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LIFE LEGENDS REVISITED


STEVE BECKER A LIFE IN PHOTOS


During his career, Charles Whittingham met some of the most famous people in the world, including Jackie Kennedy, Bob Hope, Brooke Shields, Pope John Paul II (pictured with Whittingham’s wife, Jean), Sophia Loren, and many others. Far left: A portrait of Whittingham taken by Alfred Eisen- staedt, one of the premier photo journalists of the 20th century and a close friend. Far right: with Fr. Garanzini at Founders’ Dinner 2010 after receiving the Damen Award.


MARTHA HOLMES, LIFE LEGENDS REVISITED ALFRED EISENSTAEDT, LIFE LEGENDS REVISITED


could get in unless you had special connections. So I took [Loren] there, and you have never seen a scene like that. At LIFE, stuff like that happened every week.” Right before he left Time, Inc., after three decades of service,


Whittingham helped organize LIFE’s 50th anniversary party in Radio City Music Hall, attended by Muhammad Ali, Bob Hope, Sophia Loren, representatives from the families of Ernest Hemingway and Martin Luther King Jr., and many more. The celebration was broad- cast as a two-hour TV special on ABC and hosted by Barbara Walters. Whittingham has maintained his friendship with Time, Inc.,


during retirement. He just finished producing a book for family and friends called Life Legends Revisited, which highlights the 50th anniversary of the magazine. Early in retirement, he served as the senior vice president of the New York Public Library, and he has collaborated on several TV documentaries about the library and American presidents. Whittingham is also a lifelong supporter of Loyola. In the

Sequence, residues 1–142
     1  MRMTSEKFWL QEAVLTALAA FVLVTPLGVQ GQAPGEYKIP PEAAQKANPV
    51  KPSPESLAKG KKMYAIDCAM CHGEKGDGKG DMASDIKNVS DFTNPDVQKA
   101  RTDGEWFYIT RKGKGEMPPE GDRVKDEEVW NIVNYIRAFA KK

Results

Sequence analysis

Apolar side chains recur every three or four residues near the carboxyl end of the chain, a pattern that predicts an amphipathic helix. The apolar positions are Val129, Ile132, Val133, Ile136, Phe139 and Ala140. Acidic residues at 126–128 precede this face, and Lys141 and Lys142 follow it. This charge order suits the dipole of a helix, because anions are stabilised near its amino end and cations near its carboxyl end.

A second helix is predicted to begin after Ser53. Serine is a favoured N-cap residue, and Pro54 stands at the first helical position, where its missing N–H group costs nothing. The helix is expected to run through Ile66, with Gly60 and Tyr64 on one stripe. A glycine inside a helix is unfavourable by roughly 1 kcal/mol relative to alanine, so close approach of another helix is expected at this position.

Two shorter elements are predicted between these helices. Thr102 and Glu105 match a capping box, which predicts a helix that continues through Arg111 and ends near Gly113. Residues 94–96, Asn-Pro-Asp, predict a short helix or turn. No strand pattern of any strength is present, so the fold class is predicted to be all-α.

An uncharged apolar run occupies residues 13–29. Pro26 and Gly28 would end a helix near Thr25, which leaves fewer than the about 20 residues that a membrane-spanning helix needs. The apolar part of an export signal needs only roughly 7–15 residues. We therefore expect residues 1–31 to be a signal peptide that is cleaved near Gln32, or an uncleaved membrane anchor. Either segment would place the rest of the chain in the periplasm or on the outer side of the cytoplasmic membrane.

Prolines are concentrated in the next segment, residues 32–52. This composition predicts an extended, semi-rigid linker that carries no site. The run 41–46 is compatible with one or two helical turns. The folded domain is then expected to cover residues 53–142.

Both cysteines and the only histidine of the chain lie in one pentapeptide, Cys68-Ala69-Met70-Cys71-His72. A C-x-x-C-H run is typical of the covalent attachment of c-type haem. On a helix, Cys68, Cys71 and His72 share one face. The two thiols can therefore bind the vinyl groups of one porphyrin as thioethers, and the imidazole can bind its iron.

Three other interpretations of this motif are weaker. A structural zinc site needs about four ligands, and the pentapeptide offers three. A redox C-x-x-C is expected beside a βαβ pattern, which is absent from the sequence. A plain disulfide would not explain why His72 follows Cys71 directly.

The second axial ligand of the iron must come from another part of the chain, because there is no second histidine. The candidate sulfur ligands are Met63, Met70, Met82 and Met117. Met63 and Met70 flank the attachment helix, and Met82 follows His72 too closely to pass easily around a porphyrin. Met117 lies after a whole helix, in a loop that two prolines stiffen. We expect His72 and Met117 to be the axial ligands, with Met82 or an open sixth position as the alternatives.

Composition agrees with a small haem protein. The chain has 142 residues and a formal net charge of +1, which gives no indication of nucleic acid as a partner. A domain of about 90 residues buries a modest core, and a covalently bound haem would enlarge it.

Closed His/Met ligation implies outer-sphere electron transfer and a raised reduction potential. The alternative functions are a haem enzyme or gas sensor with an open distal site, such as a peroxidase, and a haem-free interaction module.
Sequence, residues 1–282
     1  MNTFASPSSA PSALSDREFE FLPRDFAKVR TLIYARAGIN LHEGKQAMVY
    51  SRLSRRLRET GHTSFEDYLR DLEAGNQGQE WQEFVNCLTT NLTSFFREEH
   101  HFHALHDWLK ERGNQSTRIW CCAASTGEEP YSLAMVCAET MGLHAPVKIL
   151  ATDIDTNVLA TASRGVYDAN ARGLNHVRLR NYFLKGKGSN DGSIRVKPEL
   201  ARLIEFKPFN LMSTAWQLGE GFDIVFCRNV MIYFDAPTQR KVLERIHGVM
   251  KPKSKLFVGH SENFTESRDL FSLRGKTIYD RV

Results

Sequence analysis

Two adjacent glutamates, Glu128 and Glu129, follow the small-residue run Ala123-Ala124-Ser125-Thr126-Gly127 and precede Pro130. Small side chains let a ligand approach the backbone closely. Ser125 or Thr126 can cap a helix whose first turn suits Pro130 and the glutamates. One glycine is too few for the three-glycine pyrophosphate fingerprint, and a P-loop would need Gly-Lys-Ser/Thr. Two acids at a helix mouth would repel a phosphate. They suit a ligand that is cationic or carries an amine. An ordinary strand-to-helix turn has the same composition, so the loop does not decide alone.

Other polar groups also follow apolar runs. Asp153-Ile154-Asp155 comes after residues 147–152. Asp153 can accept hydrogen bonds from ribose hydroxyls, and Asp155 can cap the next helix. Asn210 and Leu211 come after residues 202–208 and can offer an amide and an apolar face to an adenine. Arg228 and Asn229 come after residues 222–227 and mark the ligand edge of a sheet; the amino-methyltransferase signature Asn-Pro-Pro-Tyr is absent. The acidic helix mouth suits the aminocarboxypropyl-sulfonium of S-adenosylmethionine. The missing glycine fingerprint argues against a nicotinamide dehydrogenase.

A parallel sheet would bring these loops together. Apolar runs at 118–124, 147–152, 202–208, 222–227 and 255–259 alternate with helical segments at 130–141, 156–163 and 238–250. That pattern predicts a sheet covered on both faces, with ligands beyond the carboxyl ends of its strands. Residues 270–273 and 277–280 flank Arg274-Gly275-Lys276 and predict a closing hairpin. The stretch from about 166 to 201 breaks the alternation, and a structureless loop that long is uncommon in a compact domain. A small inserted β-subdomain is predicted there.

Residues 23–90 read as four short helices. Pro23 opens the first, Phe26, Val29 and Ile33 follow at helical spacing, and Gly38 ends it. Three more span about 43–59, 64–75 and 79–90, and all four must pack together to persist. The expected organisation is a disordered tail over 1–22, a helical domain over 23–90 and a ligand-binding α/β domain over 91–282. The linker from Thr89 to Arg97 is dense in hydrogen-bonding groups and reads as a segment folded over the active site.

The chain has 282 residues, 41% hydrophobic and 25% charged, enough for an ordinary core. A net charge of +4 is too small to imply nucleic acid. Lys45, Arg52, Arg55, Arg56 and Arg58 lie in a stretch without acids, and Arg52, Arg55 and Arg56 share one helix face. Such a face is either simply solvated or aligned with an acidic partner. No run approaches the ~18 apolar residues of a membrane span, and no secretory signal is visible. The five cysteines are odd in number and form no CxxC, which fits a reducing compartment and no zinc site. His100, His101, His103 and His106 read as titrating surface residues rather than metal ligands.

1980s, he hosted gatherings of alumni at his Time, Inc., offices in Rockefeller Plaza. In recent years, he set up the Charles A. Whit- tingham Endowed Scholarship Fund, supported Loyola’s Center for Textual Studies and Digital Media, and designated a bequest for the University. Whittingham also recently supported the bell


project at Madonna della Strada Chapel and was present at its groundbreaking. “I have nothing but wonderful things to say about Loyola and a


liberal arts education, and the campus today is exquisite,” he says. In 2010, Whittingham received the Damen Award from the Col-


lege of Arts and Sciences at the annual Founders’ Dinner. In addition to monetary support, he donated to Loyola’s library a valuable collection of first-edition rare books from Chiswick Press, a London- based publishing company founded in the 18th century. In 2012, Whittingham was asked to deliver the keynote address


at Loyola’s track and field banquet in front of 200 student athletes and supporters where he recounted his glory days of running for his alma mater. At the close of that address, Whittingham told the audi- ence: “The great treasure you will take from your days at this marvel- ous university is of course your records and your performance in your sport. But really the education you receive here and for which your parents have sacrificed will be your real treasure. It will be with you all your life wherever you go and whatever you may do.” Whittingham and his late wife, Jean, are the parents of four


children and grandparents of five grandchildren. He lives in New York City.


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